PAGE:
Additionally, there are two fundamental rights in the Connecticut surveillance issue that might tentatively be addressed in the context of the First Amendment. They include the right to privacy, and the closely related right of anonymity – a form of privacy that comes with being in public places, but correlates to freedom from identification. Justice Sonia Sotomayor suggested in a 2012 concurring opinion that a new definition of privacy may be warranted to address the growing encroachment of technology and “whether people reasonably expect that their movements will be recorded and aggregated.”

Her opinion echoes an analogy used by Justice William Rehnquist forty years ago. In 1974, Rehnquist wrote in the Kansas Law Review about the prospect of local police writing down the license plates of everyone who frequented a particular bar. He wrote that the resulting invasion of privacy concerns would cause a “justified uneasiness.”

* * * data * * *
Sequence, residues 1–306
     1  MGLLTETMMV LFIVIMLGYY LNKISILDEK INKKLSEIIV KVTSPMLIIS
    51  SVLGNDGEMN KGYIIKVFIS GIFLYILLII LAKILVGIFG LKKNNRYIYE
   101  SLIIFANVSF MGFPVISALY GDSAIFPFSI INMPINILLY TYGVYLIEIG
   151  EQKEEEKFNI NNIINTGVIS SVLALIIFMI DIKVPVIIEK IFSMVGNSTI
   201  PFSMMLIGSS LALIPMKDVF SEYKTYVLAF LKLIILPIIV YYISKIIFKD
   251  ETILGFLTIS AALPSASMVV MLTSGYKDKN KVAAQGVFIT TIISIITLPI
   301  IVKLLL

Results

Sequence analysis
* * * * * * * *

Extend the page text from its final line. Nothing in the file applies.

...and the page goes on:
There is growing uneasiness in Connecticut and other jurisdictions where mass data collection of citizens’ movement and actions are underway. In Texas, where there is no law regulating the use of electronic surveillance and police sharing with private companies, Fort Worth’s Digital Recognition Network maintains a system that adds 100 million license plate photos to its database every month.

Privacy advocates worry that the rampant and unregulated collection of such large amounts of data may lead to abuses. Such concerns have prompted two states to ban private companies from amassing license plate data – Arkansas and Utah. Utah has since amended its law after Digital Recognition sued for – ironically – a First Amendment violation.

Until the Supreme Court, as Justice Sotomayor intimated, redefines privacy, the mass collection of private data – including license plates – will likely continue at exponential rates. In the meantime, District residents have little to worry about with available ROSA exceptions. And in Connecticut, maybe Waterbury residents should invest in car covers – to keep the city’s grime off.